The prostate gland is a walnut-sized organ found in men between the penis and the bladder, in front of the rectum. The prostate gland produces the seminal fluid which serves as nourishment and protection of the sperm cells. During ejaculation, the prostate gland expels seminal fluid with the sperm.
Prostate enlargement or benign prostatic hyperplasia (BPH) often occurs in aging men. Since the passageway of the urine (urethra) is found in the middle of the prostate, enlargement of the gland causes obstruction in the flow of urine. BPH causes uncomfortable urinary symptoms and may be associated with problems in the bladder, urinary tract or kidneys.
The signs and symptoms of BPH vary among men, with the size of the prostate gland not necessarily correlating with the severity of the condition.
The most common signs and symptoms of BPH include:
Other less common signs and symptoms include:
In most men, the prostate gland continues its growth. BPH may be due to the imbalance in male hormones as men age. The risk for BPH increases from age 40 years old onwards.
Patients with a father or brother with BPH have higher risk for BPH. Other risk factors include obesity, erectile dysfunction, diabetes, heart disease, and the intake of beta blockers.
BPH is diagnosed based on the symptoms of the patient, and the findings after the digital rectal examination (DRE) to determine the size of the prostate. Analysis of the urine (urinalysis) is conducted to screen for UTI and hematuria. In select patients, physicians may request for serum prostate-specific antigen (PSA), a blood marker. Other tests include: urinary flow test, post-void residual volume test, and 24-hour voiding diary.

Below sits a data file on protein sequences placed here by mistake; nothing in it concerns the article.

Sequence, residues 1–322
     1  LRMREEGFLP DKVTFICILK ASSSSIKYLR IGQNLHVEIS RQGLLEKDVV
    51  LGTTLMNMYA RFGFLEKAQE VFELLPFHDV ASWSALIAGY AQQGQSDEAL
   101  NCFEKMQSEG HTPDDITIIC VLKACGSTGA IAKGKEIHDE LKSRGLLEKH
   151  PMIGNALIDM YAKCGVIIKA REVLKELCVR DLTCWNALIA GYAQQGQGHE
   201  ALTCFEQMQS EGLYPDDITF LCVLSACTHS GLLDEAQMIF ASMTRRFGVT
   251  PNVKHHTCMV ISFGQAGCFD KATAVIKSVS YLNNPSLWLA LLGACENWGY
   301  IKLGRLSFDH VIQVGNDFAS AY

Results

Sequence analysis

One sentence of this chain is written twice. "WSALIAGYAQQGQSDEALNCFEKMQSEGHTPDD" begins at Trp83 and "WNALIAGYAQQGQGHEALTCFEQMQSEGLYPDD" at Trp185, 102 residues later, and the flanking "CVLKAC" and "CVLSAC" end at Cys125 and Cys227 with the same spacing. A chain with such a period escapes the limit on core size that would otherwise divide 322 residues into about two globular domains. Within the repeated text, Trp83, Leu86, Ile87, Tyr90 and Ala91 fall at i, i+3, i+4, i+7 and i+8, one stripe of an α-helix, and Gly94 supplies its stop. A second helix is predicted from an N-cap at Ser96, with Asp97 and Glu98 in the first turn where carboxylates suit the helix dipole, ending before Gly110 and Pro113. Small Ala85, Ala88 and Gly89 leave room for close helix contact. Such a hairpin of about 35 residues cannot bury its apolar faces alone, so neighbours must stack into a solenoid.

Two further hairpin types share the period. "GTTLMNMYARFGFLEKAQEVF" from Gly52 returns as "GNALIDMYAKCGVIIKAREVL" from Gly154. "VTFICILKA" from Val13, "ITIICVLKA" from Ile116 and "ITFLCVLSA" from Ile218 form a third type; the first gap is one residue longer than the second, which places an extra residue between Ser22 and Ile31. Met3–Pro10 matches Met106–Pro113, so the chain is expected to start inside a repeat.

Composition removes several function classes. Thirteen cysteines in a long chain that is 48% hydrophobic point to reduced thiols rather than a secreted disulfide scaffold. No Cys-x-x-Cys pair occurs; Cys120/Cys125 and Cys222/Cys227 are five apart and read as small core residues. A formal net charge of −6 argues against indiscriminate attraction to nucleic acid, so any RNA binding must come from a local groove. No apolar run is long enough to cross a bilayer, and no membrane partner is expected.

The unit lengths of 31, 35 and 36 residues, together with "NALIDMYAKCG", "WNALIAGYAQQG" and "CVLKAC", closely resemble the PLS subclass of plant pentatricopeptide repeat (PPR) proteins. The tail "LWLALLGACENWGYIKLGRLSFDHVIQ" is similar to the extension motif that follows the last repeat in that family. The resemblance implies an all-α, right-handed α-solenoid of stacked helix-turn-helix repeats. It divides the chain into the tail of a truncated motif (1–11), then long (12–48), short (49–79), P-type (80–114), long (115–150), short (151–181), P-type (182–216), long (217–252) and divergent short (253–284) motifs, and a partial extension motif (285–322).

Additional examinations for complicated cases and/or to rule out other conditions include: transrectal ultrasound, prostate biopsy, urodynamic and pressure flow studies, and cystoscopy (insertion of a scope to visualize the urethra and bladder).
Treatment for BPH depends on the severity of the condition, age of the patient, size of the prostate, and accompanying medical conditions.
Medications for mild to moderate BPH include:
Patients with moderate to severe BPH may need to undergo:
*Patients taking alpha blockers should inform their physicians if they plan to undergo cataract surgery.
BPH may affect the quality of life of patients. The symptoms typically worsen with age in most men. However, symptoms may improve and the condition may stabilize with the proper intake of medications.
Most men do not develop complications such as urinary retention, frequent UTIs, bladder stones, and bladder and/or kidney damage. If these occur, more invasive surgeries may be advised.
BPH is not believed to be associated with increased risk for prostate cancer.
For more information on BPH, consult your physician.